As the vice president of food safety at Walmart, Frank Yiannis is passionate about making the food system safer, smarter and more sustainable. Having explored and adopted blockchain technology, his team has seen its impact first-hand.

“It’s the equivalent of creating FedEx tracking for food," says Yiannis, who believes other businesses can benefit, if willing to make the commitment.

“Blockchain solutions in private enterprise should be business-led and technology enabled. While blockchain is a new and emerging technology that holds a lot of promise, the first thing companies should do is really understand what is the business challenge, problem or use case they are trying to solve.”

Yiannis has witnessed how blockchain technology has provided a level of transparency his industry has never experienced.

Doing the research

Yiannis says in addition to defining whether blockchain technology is the right solution, companies must appreciate the overall approach. “While we as a society have been digitizing information for a few decades, blockchain technology truly digitizes information differently through a decentralized database and once data is captured, it’s very hard to change. It’s a shared digital ledger, not a single entity. It has a record, so everyone sees one version of the truth.

“I spent a lot of time reading books about it, watching videos and talking to tech firms. You have to have an understanding of how it works, so invest in learning more about it. More importantly, actually work with it, test it. We did a couple of pilots, and we gained confidence that it was the right solution.”

Providing what other technologies can’t

Trained as a microbiologist, Yiannis has witnessed how blockchain technology has provided a level of transparency his industry has never experienced.

"It's shining a light, like a disinfectant holding each actor in the food system responsible.”

In 2016, Walmart conducted two proof of concept studies, one in the U.S. and one in China, using sliced mangos and pork.

"We were really pleased with the outcomes and insights revealed,” Yiannis explains. “We reached out to ten other companies and asked them to join us in testing and scaling the solution together.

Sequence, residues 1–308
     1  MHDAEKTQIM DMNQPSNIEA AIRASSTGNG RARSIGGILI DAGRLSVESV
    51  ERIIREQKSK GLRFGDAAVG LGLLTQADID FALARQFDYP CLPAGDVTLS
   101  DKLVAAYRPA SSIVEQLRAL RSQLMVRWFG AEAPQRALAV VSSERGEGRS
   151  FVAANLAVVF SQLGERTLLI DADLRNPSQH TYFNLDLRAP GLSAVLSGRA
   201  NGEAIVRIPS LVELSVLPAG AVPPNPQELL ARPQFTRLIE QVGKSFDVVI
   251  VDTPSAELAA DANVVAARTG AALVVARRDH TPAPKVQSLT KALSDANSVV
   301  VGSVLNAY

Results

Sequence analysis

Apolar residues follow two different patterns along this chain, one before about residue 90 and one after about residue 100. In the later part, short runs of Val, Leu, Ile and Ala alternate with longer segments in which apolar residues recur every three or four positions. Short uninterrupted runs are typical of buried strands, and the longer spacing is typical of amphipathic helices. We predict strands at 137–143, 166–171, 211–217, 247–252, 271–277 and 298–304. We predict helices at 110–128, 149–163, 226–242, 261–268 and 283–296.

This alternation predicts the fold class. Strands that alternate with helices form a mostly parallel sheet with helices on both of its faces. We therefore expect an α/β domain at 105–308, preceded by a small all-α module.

“Blockchain has given us the ability to get records on food products, that normally might take days or weeks to get, in a matter of seconds.”

The need for speed

Through a partnership, Walmart demonstrated that tracking mangos from store to farm could be improved from 7 days to a mere 2.2 seconds. Yiannis admits he didn’t know what to believe in the beginning.

“I started off as a major skeptic. I’ve been working in this field for over three decades. The idea of digitizing food and having rapid traceability is something we’ve worked on, and there are other systems out there, but they tend to all be centralized databases.

“We did the baseline, where we brought in the mangos and it took us six days, 18 hours and 26 minutes. I wasn’t sure what to expect as we started working with suppliers and their suppliers in digitizing the information.”

The results, he says, were astounding.

“I was just seeking the truth, but once we did it and the very first time I did the trace-back with the package, tracing the source in 2.2 seconds blew me away.”

Moving forward

Yiannis believes future uses for blockchain technology are unlimited. “There’s a lot of promise for blockchain, and supply chains in particular. The improvements are clearly strength in safety, strength in trust, allowing the system to get smarter together, supply chain efficiencies and the ability to deter fraudulent activity.

“I think the benefits to food will be about gathering intelligence, running smarter and more sustainable supply chains, reducing food waste and providing fresher products.

And while food safety will certainly benefit, it will just be the tip of the iceberg.”